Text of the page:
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Is "The Shops at Target" Idea Bad for Small Business?

Last month, Target announced "The Shops at Target" design program, where they'll partner directly with shop owners of specialty stores and boutiques to co-create affordable, limited-edition collections to be sold in Target stores nationwide. The first flight of "The Shops at Target" features five exclusive collections from five U.S. specialty stores: The Candy Store, Cos Bar, Polka Dog Bakery, Privet House and The Webster. According to Target, the collections are meant to "reflect each shop owner's unique perspective, offering Target's guests the opportunity to experience each shop's distinct aesthetic simply by visiting their local Target store or Target.com."

Except for the fact that it's nearly impossible to leave without spending at least $50, I love Target. It's my go-to store for t-shirts, socks, underwear and Nerf guns. Because of my affinity for Target, I initially embraced "The Shops" concept. I can appreciate a store that takes the time to curate a smaller collection of interesting high quality items. It beats the hell out of searching through racks of crap to find something that speaks to you. And bringing unique collections from shops across the country to the masses is a good thing. Or is it?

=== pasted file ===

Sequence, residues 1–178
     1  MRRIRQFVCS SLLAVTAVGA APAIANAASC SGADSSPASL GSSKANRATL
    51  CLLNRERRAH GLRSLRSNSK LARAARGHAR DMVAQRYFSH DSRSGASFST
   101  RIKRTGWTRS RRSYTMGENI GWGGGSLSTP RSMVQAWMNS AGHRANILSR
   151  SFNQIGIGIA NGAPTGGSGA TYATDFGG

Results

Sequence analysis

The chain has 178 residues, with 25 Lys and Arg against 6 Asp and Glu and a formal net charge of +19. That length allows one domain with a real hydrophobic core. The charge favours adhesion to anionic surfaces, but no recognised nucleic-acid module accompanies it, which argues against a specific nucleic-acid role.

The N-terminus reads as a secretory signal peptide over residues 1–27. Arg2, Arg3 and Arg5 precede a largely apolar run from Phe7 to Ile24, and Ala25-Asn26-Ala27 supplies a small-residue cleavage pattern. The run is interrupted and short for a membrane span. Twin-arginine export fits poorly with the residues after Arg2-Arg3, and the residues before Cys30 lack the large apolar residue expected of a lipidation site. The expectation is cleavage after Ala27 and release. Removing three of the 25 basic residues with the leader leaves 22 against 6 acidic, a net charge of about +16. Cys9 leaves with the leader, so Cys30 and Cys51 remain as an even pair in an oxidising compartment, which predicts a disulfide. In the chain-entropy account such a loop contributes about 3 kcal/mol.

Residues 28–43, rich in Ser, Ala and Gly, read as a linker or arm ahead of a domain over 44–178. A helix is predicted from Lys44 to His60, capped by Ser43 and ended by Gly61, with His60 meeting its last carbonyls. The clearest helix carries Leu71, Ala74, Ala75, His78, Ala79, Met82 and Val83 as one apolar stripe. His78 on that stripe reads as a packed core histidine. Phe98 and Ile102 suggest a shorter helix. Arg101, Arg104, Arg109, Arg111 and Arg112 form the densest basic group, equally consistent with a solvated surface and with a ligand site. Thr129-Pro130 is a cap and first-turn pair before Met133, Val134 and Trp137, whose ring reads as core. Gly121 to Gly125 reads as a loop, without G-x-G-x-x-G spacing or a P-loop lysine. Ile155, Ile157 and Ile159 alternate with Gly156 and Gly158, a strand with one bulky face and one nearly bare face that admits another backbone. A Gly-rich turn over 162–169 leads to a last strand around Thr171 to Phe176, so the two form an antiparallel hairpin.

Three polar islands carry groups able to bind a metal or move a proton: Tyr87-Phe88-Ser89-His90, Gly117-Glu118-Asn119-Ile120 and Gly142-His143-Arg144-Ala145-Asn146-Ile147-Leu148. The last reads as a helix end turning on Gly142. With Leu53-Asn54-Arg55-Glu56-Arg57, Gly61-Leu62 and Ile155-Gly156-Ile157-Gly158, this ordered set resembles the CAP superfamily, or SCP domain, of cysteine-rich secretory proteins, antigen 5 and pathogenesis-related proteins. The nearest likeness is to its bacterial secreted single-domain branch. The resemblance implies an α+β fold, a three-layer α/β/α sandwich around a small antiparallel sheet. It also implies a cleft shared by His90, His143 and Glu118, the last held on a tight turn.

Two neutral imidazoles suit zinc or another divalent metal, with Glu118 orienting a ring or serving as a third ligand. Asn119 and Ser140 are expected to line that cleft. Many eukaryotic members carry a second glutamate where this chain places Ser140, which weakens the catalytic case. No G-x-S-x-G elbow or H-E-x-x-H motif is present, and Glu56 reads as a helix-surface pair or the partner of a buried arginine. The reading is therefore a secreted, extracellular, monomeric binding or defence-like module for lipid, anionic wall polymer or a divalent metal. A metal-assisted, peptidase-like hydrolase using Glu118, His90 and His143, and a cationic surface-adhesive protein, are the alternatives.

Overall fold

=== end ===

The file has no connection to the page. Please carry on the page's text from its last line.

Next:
Certainly it's good for the shop owners who get featured in the store. But what about the hundreds of thousands of other local, independent shops and boutiques in this country? If I can now buy handcrafted dog biscuits at Target, why would I spend twice as much at the shop down the street? I'm not saying "The Shops" concept is bad for Small Business, but I wonder if it trivializes it, or if Target doesn't quite understand Small Business. It's sort of the opposite of American Express's Small Business Saturday. Instead of supporting your local small businesses, go buy everything at Target.

As I said before, I do love Target. I even think "The Shops at Target" is a good idea. I just wish it did something for all small businesses, not just the ones lucky enough to be in the store. The concept is supposed to last beyond 2012 and feature a rotating selection of shops, so hopefully that's the plan. Creating awareness of a variety of small shops and boutiques, as well as encouraging people topatronize their local versions of those shops would be awesome. I really hope that's the case. Because the last thing Target can afford to do is be accused of running mom and pops out of business. If that happens, they run the risk ofturning into nothing more than a better-curated Walmart.